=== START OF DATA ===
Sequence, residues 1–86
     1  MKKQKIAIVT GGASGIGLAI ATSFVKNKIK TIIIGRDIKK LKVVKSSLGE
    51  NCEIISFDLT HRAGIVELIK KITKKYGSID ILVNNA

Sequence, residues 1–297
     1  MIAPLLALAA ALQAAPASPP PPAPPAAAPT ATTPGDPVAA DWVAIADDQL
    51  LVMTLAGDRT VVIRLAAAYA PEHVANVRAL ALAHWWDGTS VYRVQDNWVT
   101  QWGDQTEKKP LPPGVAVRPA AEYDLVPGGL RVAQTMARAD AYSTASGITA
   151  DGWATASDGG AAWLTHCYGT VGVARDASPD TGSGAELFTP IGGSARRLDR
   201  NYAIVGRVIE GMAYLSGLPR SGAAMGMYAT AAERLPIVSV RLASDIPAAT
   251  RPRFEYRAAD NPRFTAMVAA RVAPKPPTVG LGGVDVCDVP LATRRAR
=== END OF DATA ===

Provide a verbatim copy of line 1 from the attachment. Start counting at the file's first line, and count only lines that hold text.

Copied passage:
Sequence, residues 1–86